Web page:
Then a freelance job popped up at Nowness when they were relaunching their site so I took that. I was recommended by my colleagues at the time, Trey Taylor and Owen Myers – I’ll never forget how appreciative I was to them, and still am. At first, it was a lot of menial tasks, but soon, the editor in chief at the time, Terence Teh, asked me do a few interviews for them. Also, just meeting all of these people, they might not do something immediately for you, but 6 months down the line, they're going to say, "Hey! I remember that person." Hopefully. I always thought that even though I wasn’t the best writer but if I was nice, friendly, and open then I might land on my feet.

So after a year of interning and assisting, I was getting pretty antsy, like “Shit I’m real tired and broke, and where is this even going?” Luckily though, the digital assistant was leaving Dazed, and Harry, who's always looked out for me, said, "On the down-low, nobody knows this yet but the digital assistant is leaving her position, and you should apply before it's announced.” So I did, and, after a few interviews and serious moments of doubt, I ended up getting it.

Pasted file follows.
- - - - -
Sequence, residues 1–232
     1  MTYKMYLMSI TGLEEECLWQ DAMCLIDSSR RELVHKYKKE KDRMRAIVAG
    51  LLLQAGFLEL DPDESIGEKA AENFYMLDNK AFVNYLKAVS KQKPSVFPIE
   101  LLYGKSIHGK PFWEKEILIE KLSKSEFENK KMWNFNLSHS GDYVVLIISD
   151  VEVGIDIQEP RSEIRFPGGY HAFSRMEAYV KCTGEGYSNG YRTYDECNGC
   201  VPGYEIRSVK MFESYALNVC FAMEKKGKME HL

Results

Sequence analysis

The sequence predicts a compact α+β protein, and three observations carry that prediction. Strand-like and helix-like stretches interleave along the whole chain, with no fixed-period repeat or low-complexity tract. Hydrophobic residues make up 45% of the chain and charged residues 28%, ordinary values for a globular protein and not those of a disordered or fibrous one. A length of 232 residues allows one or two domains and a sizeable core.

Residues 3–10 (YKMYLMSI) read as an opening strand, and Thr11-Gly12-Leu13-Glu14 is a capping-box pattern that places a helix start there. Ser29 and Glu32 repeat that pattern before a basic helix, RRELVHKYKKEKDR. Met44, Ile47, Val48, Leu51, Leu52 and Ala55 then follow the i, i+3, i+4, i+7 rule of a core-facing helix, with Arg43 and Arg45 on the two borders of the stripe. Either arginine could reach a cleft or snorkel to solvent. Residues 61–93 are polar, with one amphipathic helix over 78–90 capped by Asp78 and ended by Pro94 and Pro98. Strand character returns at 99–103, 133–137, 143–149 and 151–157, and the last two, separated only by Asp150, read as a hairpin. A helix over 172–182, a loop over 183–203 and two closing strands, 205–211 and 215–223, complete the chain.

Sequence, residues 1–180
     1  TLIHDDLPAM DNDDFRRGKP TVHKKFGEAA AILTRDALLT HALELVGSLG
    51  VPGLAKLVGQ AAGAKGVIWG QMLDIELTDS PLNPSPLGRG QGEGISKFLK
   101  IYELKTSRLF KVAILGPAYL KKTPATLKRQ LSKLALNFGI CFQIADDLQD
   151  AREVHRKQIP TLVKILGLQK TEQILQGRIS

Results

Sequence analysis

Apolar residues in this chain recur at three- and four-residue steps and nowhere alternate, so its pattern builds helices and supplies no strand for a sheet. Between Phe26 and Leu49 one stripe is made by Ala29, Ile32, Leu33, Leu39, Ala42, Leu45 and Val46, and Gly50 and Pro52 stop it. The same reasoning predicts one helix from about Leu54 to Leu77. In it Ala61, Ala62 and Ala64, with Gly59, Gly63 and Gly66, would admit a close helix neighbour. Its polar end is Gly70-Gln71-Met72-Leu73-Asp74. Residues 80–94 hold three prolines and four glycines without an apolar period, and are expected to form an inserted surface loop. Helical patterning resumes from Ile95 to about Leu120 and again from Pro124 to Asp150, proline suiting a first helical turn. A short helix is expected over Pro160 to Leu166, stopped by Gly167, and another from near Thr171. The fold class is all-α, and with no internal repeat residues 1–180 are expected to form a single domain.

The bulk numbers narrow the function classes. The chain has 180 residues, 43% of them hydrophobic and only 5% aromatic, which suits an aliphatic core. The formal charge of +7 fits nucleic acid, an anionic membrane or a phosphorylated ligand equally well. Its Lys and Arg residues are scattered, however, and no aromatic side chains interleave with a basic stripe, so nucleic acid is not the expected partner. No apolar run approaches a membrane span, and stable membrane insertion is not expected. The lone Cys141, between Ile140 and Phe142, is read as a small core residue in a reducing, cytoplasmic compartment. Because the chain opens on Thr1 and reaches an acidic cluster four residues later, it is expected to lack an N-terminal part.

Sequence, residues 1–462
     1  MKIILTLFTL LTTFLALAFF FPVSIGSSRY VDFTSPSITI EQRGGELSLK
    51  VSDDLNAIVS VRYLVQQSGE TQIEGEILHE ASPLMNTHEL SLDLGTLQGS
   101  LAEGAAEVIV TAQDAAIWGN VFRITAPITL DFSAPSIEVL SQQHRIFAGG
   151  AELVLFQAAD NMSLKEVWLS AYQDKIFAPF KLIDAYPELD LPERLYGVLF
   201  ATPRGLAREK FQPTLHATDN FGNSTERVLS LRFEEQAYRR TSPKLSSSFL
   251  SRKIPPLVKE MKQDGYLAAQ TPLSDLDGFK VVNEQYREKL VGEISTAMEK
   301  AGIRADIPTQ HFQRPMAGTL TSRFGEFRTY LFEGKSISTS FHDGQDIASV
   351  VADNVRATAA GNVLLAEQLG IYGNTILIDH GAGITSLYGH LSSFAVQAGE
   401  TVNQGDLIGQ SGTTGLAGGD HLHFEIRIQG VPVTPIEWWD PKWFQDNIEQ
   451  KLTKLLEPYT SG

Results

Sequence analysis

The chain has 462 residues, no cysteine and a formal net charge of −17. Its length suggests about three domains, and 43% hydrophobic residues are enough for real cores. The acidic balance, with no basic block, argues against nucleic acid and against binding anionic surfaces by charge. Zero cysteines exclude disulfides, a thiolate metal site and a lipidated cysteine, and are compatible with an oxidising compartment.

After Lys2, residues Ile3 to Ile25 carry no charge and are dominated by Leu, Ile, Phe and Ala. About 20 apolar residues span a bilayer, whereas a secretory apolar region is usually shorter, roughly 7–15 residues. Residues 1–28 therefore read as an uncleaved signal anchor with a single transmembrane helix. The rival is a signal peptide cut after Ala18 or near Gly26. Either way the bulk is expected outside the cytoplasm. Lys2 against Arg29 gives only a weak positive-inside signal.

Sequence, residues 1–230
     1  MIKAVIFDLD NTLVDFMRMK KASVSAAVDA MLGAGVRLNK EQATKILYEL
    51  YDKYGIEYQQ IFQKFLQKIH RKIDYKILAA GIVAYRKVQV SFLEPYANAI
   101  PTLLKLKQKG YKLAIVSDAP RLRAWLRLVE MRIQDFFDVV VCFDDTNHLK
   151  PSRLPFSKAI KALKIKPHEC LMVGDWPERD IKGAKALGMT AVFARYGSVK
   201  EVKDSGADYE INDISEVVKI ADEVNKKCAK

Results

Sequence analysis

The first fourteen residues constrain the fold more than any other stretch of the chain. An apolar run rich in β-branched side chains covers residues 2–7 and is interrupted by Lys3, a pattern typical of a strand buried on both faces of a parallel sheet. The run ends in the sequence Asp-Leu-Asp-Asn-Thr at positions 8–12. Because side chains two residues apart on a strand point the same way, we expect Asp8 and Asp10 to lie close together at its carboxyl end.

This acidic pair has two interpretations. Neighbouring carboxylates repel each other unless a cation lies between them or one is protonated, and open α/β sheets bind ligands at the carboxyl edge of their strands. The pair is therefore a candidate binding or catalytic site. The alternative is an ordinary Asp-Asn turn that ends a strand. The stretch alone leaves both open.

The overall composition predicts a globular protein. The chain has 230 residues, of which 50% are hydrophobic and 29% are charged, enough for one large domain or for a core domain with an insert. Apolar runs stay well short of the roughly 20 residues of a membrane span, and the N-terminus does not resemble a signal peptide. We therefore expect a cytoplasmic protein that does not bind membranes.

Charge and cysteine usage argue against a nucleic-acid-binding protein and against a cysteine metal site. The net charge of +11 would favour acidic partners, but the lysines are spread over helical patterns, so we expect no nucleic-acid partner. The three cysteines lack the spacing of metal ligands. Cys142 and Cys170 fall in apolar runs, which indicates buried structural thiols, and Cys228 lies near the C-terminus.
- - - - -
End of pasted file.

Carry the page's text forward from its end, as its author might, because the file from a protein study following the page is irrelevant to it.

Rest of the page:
Within that year a lot of things were changing, so I sat down with the HR and said "This is what I'm doing, this is what I have done and this is what I can do. I need some more faith; I need a different job title." Then the guy who was our editor in chief at the time, Tim Noakes, said, "Do you know what? You're going to be our Arts and Culture editor, but we can’t pay you anymore right now. You’ll see though; this will open a lot of doors.”

At that point, I was walking to work, I was so broke. Tim was right though, quite quickly, things did start to change. So many doors opened which made me realize that, of course, you need money but if there’s any way that you can make it work, prioritize on getting the job that makes you excited to go to work every day.

 

"So keep that in mind, if you’re on the other side and sending out your own work. We don’t have a crazy amount of writers, and I don't have millions of articles to choose from."